"The hearings were a great first step toward the proposal that has been released today. While startups typically don't have to focus on this type of regulation, with respect to Bitcoin businesses, it is necessary to ensure balanced consumer protection and financial safeguards," said Cameron and Tyler Winklevoss. "We believe that the work being done by Superintendent Lawsky and the Department of Financial Services will ultimately foster an era of innovation in New York."
But some in the Bitcoin community were skeptical of some provisions of the proposed rules, including a requirement that licensed businesses keep their profits and retained earnings only in "high quality, investment-grade permissible investments" denominated in dollars like certificates of deposits, money market funds, or government bonds. It "practically it compels an absurd result," said Marco Santori, a lawyer at Nesenoff and Miltenberg who represents virtual currency companies and works with the Bitcoin Foundation. "It compels bitcoin revenues into fiat currency only to then again convert to another allowed investment," he said.
Bitcoin advocates also raised the concern about the money laundering and know-your-customer rules that compel bitcoin companies to know the identities of customers on both sides of a transaction. "That would put a hamper on bitcoin," Brito said. "Knowing all parties to a transaction is pretty impractical."
"Bitcoin has a lot of capabilities and one of the capabilities is doing pseudonymous transaction," said Gil Luria, an analyst at Wadbush Securities. "But it has a lot of other capabilities that don't rely on that and in order to realize those abilities for online payments and crossborder transactions, you have to comply with the regulatory framework like any other financial institution."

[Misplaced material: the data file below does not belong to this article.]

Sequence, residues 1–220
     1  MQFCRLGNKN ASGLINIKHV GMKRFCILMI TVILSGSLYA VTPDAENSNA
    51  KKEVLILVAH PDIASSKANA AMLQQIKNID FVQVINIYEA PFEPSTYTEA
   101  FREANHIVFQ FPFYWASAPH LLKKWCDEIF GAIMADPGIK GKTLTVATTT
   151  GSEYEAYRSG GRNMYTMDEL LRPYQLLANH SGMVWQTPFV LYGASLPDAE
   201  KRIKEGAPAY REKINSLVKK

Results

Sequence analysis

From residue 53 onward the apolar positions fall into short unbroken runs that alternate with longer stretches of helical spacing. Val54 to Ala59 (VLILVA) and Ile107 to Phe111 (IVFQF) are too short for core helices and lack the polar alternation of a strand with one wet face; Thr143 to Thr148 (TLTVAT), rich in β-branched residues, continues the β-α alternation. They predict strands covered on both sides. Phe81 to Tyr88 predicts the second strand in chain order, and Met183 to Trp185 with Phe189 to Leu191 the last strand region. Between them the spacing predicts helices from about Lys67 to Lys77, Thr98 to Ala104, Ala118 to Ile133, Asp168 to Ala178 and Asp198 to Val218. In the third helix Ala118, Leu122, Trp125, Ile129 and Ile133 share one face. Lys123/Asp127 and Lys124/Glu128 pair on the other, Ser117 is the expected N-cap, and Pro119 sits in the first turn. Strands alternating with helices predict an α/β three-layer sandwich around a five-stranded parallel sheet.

Throughout the process, Lawsky has expressed his desire to balance the benefits of New York being a home for bitcoin businesses with his own concerns about money laundering and other illegal activity using digital currency to avoid detection from the law. "If the choice of the regulator is to allow money laundering on one hand or to facilitate innovation on the other, we're always going to squelch money laundering," Lawsky said in January.
As part of his outreach to the highly engaged bitcoin community, Lawsky posted a link to the rules on Reddit's popular r/bitcoin subreddit. The response was voluminous (1,225 comments so far) and overwhelmingly negative.
"Ben Lawsky just killed New York as a center for financial crypto innovation," one user wrote. "This is a joke.... it has to be a joke....no reasonable regulated that understands how decentralized systems work would propose this," said another, in two of the least sarcastic or profane comments on a thread ("Thanks for punching innovation in the balls," was more typical of the tenor of the thread.)
The publication of the proposed rules commences a 45 day public-comment period, but at least on Reddit, the commentary has certainly already begun.
Matthew Zeitlin is a business reporter for BuzzFeed News and is based in New York. Zeitlin reports on Wall Street and big banks.
Contact Matthew Zeitlin at firstname.lastname@example.org.